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Zmeselo
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Joined: 30 Jul 2010, 20:43

SAWA!

Post by Zmeselo » 13 Jan 2020, 07:03



Seminar to students of Warsai-Yikealo school

http://shabait.com/news/local-news/2993 ... alo-school



Sawa, 10 January 2020- The Chairman of the National Union of Eritrean Youth and Students, Mr. Saleh Ahmedin conducted a seminar on 4 January to students of the Warsai-Yikealo school in Sawa; focusing on the objective situation and timely role of the youth in the political and developmental activities in the country.

Indicating that for the past 80 years the Eritrean youth had to go through multiple challenges, Mr. Saleh said that the Eritrean youth have paid heavy price for independence and safeguarding the national sovereignty and have emerged victorious.

Mr. Saleh went on to say that love of country, common psychological make up, self confidence, self-reliance, national unity and stance as well as standing in unison against external conspiracies are among the noble values of the Eritrean youth, and called for transferring the values to posterity.

Mr. Saleh also gave briefing on the new era unfolding, vis-à-vis its opportunities and challenges.

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“There is excitement in the challenge; after all, it is a shared challenge!”

Written by Billion Temesghen

http://shabait.com/articles/q-a-a/29943 ... -challenge

Articles - Q & A

Young Eritreans working in various projects of national development, are not just many in number but also wholeheartedly devoted to their people. Selam Teklay, is one of the many. After graduating from the Eritrean College of Agriculture, she’s been serving at the Ministry of Agriculture (MOA) as an expert in the Migratory Pest Control Unit (MPCU). She and her team are always on the vanguard, to prevent and control pest infestation. Their efforts and expertise play key roles, in the Nation’s endeavors to ensure food security. Q&A introduces you to Selam Teklay, who gives us a glimpse of the MOA’s efforts to control migratory pests with a view to ultimately ensuring good harvest.



It is nice, to have you here with us today. Let’s start with a small introduction.

Hello and thank you! I am an expert of the Migratory Pest Control Unit, in The Ministry of Agriculture. I did elementary school in a village called Zuwl and for my junior and senior secondary education, I went to Mai Nefhi Secondary School. Then, I went to Sawa and joined college afterwards. I studied: Plant Protection.

So this was your passion, from the get go.

I knew I wanted to study, either medicine or anything that has to do with life. So, when I first went to college, plant protection was my first choice; as it was something that I’ve always wanted to learn.

What is it like, to work as an expert at the MOA’s MPCU?

I have been working there for four years and it has been very interesting. The department first comprised the Plant Protection Unit but from there our unit branched out in a bid to strengthen it. Eritrea’s geography, makes it a pest breeding area. As part of the overall national development and food security plan, the prevention and control of pest infestation is one of the many priorities of the Eritrean Ministry of Agriculture. It is something that our unit, takes very seriously and diligently.

Trans-border pest infestation or local outbreak of some birds, desert locust and armyworms is something the local media disseminate to raise people’s awareness. And, what would be your office’s effort towards it?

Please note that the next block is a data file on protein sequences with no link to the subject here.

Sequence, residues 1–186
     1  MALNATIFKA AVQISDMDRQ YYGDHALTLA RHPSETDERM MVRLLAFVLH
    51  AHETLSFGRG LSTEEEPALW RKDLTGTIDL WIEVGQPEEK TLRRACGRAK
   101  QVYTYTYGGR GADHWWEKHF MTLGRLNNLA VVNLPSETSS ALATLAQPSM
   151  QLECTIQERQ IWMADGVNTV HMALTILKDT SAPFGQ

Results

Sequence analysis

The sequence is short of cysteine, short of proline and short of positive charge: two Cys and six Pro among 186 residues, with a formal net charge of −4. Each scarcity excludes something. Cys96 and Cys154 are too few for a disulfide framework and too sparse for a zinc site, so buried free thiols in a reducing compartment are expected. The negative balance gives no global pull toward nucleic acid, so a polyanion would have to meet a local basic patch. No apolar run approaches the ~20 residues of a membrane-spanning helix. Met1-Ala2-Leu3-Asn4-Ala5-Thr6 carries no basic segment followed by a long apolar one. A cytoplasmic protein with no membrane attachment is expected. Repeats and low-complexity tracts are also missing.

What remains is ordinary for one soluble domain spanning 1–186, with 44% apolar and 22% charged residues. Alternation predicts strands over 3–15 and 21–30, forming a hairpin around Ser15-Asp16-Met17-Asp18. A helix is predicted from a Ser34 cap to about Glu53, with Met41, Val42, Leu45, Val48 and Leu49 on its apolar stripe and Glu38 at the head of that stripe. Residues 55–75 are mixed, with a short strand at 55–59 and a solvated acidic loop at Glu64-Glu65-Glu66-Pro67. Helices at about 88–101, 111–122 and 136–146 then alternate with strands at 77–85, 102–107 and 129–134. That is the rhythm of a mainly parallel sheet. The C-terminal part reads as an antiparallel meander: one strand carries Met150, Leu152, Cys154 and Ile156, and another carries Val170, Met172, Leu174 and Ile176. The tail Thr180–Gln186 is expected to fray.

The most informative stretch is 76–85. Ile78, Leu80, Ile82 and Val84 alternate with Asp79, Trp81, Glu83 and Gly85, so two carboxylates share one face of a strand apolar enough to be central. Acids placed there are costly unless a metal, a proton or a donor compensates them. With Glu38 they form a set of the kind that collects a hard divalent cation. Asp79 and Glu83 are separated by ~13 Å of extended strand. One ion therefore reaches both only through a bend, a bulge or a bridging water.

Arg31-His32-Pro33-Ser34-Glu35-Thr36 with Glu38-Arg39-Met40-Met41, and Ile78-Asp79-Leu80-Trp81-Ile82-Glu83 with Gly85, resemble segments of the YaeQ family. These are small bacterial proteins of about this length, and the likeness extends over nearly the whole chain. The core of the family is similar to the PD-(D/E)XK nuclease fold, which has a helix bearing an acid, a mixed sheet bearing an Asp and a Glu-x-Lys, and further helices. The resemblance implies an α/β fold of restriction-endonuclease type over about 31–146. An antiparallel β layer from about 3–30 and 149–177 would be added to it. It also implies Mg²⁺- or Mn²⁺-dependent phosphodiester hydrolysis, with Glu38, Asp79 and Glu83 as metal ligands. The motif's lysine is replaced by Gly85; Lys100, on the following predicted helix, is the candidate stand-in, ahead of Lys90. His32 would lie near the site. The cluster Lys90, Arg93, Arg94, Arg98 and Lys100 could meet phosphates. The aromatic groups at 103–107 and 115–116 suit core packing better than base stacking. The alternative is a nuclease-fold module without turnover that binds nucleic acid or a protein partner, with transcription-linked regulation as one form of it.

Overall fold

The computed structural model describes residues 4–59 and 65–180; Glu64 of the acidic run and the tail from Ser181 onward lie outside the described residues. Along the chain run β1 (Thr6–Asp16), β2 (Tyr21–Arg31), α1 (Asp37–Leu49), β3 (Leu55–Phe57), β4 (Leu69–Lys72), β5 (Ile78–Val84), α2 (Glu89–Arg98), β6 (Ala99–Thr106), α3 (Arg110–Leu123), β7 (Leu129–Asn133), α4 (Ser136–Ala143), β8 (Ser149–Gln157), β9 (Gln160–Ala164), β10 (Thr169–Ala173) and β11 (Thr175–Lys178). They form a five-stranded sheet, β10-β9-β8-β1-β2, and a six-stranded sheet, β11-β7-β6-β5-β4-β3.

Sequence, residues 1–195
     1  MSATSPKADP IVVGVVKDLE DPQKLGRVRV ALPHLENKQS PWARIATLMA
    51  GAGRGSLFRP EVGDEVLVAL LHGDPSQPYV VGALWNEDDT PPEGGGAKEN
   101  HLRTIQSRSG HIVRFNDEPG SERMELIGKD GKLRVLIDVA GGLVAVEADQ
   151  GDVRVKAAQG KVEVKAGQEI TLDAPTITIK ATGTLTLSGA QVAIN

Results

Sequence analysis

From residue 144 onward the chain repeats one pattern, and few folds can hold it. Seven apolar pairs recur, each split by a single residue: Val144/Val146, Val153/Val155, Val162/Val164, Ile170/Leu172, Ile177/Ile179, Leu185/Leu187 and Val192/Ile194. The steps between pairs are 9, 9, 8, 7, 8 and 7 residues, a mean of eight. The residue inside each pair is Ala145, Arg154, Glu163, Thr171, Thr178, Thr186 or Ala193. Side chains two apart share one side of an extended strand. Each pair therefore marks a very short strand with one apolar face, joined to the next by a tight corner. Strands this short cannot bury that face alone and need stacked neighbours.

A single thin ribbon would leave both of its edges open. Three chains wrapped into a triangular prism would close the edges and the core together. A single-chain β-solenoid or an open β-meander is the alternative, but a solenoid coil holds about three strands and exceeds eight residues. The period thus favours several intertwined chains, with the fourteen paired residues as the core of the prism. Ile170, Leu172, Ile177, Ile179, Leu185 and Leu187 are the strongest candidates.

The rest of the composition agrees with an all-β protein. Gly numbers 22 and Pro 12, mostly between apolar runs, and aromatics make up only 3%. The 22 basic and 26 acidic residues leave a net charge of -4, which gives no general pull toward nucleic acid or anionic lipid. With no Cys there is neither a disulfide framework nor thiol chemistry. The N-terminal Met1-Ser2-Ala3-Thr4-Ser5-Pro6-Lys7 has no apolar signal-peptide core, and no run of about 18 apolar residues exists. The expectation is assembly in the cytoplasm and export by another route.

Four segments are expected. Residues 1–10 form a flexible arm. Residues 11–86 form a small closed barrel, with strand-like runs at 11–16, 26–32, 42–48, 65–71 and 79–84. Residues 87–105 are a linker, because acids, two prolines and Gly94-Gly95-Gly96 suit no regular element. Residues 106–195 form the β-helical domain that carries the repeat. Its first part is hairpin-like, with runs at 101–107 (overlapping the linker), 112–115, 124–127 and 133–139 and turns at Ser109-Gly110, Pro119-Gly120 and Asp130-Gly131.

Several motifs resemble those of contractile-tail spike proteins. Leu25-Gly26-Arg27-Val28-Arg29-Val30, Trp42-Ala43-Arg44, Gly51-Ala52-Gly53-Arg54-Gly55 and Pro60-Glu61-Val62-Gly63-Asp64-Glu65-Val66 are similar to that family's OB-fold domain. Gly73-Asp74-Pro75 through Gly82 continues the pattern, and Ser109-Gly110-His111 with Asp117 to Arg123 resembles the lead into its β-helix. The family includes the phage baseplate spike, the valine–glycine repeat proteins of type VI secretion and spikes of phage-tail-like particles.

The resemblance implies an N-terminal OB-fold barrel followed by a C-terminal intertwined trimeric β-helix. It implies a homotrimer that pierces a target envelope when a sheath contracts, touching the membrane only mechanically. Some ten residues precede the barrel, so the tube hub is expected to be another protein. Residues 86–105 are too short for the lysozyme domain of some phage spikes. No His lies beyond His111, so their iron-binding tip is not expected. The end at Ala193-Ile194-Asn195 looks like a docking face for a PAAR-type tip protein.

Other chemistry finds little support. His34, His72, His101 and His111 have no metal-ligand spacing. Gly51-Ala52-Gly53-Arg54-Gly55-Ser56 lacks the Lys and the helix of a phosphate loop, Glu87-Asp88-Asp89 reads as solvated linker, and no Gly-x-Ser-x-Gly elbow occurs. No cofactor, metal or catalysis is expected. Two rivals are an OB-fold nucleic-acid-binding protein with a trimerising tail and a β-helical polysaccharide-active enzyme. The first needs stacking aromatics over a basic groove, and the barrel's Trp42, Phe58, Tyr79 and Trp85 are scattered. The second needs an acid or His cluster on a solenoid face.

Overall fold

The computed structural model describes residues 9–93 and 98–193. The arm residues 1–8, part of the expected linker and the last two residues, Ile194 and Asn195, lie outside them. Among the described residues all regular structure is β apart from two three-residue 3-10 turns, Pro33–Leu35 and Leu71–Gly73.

It is complex but if I may put it in few words, I’d start by mentioning that Eritrea is one of the countries that breeds desert locust. Our sea shores, are recession areas for some pests. What’s important is that although we have recession areas, we control the outbreak or spread of pests. Our mission is to ensure the harvest is intact, despite the odds. So, when it is the rainy season in these areas, we are on standby from September to late December. We fist conduct surveys and put out a forecast. We analyze the behaviors of the pests and from there, we take measures.

What are yours and your colleagues’ days like, at work?

They are hectic. We are always on standby. There are pests that we are used to and some that are new. Therefore, we focus on learning new behaviors and we quickly set out to control them before any damage is done. For example, armyworm infestation is not common in our parts. When it happened lately, for many of us, including myself, it was a new experience. A very challenging and demanding one. We are not stationed in one place. Season after season, we’re always on the move.



I can dare say, that pest infestation isn’t something people in the highlands are alarmed by. And the reason is because they just think there isn’t any. We rarely see pests.That is thanks to the joint and restless effort of our branches and, most importantly, farming communities of the lowlands. They are first of all very knowledgeable about comportments of the pests and their indigenous knowledge is praiseworthy. We come in, only after them. Our work wouldn’t have been as fruitful, had it not been for them. People in the highlands don’t know much, about pest outbreaks. They have never seen swarms on their plantations. And, this evidently explains why people don’t experience pest infestations. The MOA and its branches, jointly with partners and farmers, work to prevent and eliminate any infestation as it can be very dangerous.

What can you say about people’s awareness of this issue?

So, like I said before, in the highland people forget about pests. But they should very well be aware. In other parts of the country, the awareness of the people is commendable. There have been commendable efforts made to spread awareness but we shouldn’t still relax, as there is more that could be done.